In the Shadow of Giants

  • Duncan Yeldham
  • Will Liney
  • Usman bin Omar
  • Alex Rorison

Filmed in 2019 and set deep in the Karakoram valley this documentary follows the story of Usman and the team at TriPakistan as they go about their final preparations for the highest triathlon in Pakistan. Director - Will Liney Director of Photography - Duncan Yeldham Illustrator - Alex Rorison Narrator - Tom Ware Produced by Usman Bin Omar

Tickets to the two premiers can be found below:
9th Apil - 8pm UK -

10 April - 2pm UK -
Director Will Liney

This was a project years in the making, as i have come to realise, is often the case. I first met Usman Bin Omar back in 2016. We were both on a startup business course and he pitched this crazy idea of starting a triathlon out in Pakistan. Now, anyone else I would have dismissed, but he had something about him, a crazy glint in his eye, that made me think he was really going to do it - no matter what.

We kept in touch over the next few years. He would Skype me from various mountain towns out in Pakistan and tell me about his progress. He put the event on in 2017 and nobody showed up, the same happened in 2018 but finally in 2019 he got his first signup and then the dominoes all fell into place. We were on.

The twelve day shoot was a seminal experience for me, a crash course in adventure filmmaking, a once in a lifetime opportunity to experience the beauty and chaos of Pakistan and witness a man fulfilling his dream of bringing a triathlon to the mountains of Pakistan.

None of it would have been possible without my adventure buddy/filmmaking guru Duncan Yeldham who kept calm and steady in the craziest of situations.
Director of Photography Duncan Yeldham

From a technical standpoint this project had a budget of literally £0. Truly this was a labour of love. As the director of photography I had very little options for cameras and lighting. We had what we had and that was the following:

Sony A7Rii
Sony A6300
Sony RX100mk 4

Samyang 24mm T1.4
Pentax 50mm T1.4
Sigma 16mm T1.8

Røde Video mic pro x 2
Zoom H5

Steady Cam:
DJI Ronin S

Additionally we had an assortment of Hoya ND filters, rigging accessories and monitors, all of which proved invaluable, particularly our NDs and monitors.
With so much going on over the 10 day period, Will operated his A6300 whilst I shot on the A7R and RX100 for maximum coverage. Often we’d shoot apart from each other, coming together for the more important and planned out shots of the film. Working at 2600m in temperatures around 28˚ (with a lot of climbing) it was vital we packed light, thankfully the gear we had was mostly so. We were mobile and we were functional.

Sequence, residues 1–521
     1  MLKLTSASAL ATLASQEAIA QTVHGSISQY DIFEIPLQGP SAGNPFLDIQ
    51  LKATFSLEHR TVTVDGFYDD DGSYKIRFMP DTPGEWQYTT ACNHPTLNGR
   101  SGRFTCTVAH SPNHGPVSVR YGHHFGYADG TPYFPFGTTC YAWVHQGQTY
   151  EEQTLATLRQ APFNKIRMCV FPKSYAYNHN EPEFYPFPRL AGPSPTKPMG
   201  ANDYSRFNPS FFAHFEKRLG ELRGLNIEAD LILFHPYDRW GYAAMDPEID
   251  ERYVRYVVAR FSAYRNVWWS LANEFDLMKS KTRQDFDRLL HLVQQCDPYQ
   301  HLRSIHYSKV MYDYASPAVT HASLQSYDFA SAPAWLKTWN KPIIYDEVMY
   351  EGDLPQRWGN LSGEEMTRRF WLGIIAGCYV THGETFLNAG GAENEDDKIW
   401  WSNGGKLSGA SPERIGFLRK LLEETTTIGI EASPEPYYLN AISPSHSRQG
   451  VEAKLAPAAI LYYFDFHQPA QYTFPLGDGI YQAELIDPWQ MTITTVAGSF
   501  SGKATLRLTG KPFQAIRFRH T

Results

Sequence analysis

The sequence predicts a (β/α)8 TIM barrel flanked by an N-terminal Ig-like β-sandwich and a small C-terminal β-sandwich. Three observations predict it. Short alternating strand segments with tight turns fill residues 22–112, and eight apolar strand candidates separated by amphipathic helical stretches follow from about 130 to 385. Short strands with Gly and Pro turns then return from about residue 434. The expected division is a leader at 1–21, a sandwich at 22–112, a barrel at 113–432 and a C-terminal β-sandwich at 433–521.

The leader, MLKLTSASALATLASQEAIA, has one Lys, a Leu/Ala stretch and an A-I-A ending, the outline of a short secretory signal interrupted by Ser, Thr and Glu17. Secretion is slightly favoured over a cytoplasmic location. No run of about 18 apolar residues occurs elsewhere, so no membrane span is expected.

One major issue we faced was stabilisation, this was very much a run and gun operation, for the most part we shot handheld as we simply lacked the time to set up. Capturing candid dialogue half way up a mountain we’d only have enough time to hit record. On one such occasion Usman was still holding my tripod. Much to my dismay the shot made the cut. We embraced that fact this was not going to be a smooth ride, the bumpy shooting style pairs well with the hustle that was these last days of event prep before the triathlon. Where it mattered we squeezed enough time to get the Ronin or our tripods set up. A second major issue we had was a lack of any sort of Zoom lens. We had arranged for a 300mm to be rented in Pakistan but for reasons out of our hands we were unable to get hold of it. This left us optically limited and we definitely felt it during the race, particularly during the cycle. Again we made do with what we had.
Above is one of the illustrations by Alex that we used to bridge together the film. We felt like the transitions between each main section of the film felt a little flat. Originally we thought about designing and animating a map that would show the audience where we were in the country as we progressed though the story. Eventually we decided that a transition or fade from an artisit's rendering of a scene could almost work better in partitioning up the film whilst also keeping it engaging. So we reached out to Alex and brought him on board to draw some of the key shots of the film and were really happy with the results.
If we were to do it again under similar circumstances and budget, i’d push for us both to have an A7sii/iii (rolling shutter) with at least one shoulder rig. Quite a few of the shots we filmed would really have benefited from a shoulder rig, especially during the race. Further more I would take steps to ensure we had a longer focal length lens with us. Finally I’d also police our White Balance much more stringently, regrettably this was one thing we let slip on occasion during the madness, resulting in some awkward colour adjustments during my attempt at grading it.

One thing I haven’t really touched on is lighting, we knew we wouldn’t really be wanting for light. Natural light would do us pretty well for the majority of the shoot and this indeed was the case. However it would have been very handy to have some camera-mounted video lights for the scenes shot at night, of which there are a few. Additionally I would have preferred to have at least one strong video light, an Apurture 120d for example, to help with a couple of the evening sections and interviews. We made do with the odd torch and phone lights for the most part.

Overall we’re happy with the result. We did the best we could with what we had, on what little sleep we were getting. We captured all the important moments giving us the content we needed for a film that carries itself. Lessons were learned and we both came out the better for it. I couldn’t be happier working in a team with Will, he has a great vision and it’s always a pleasure to put my eye to it.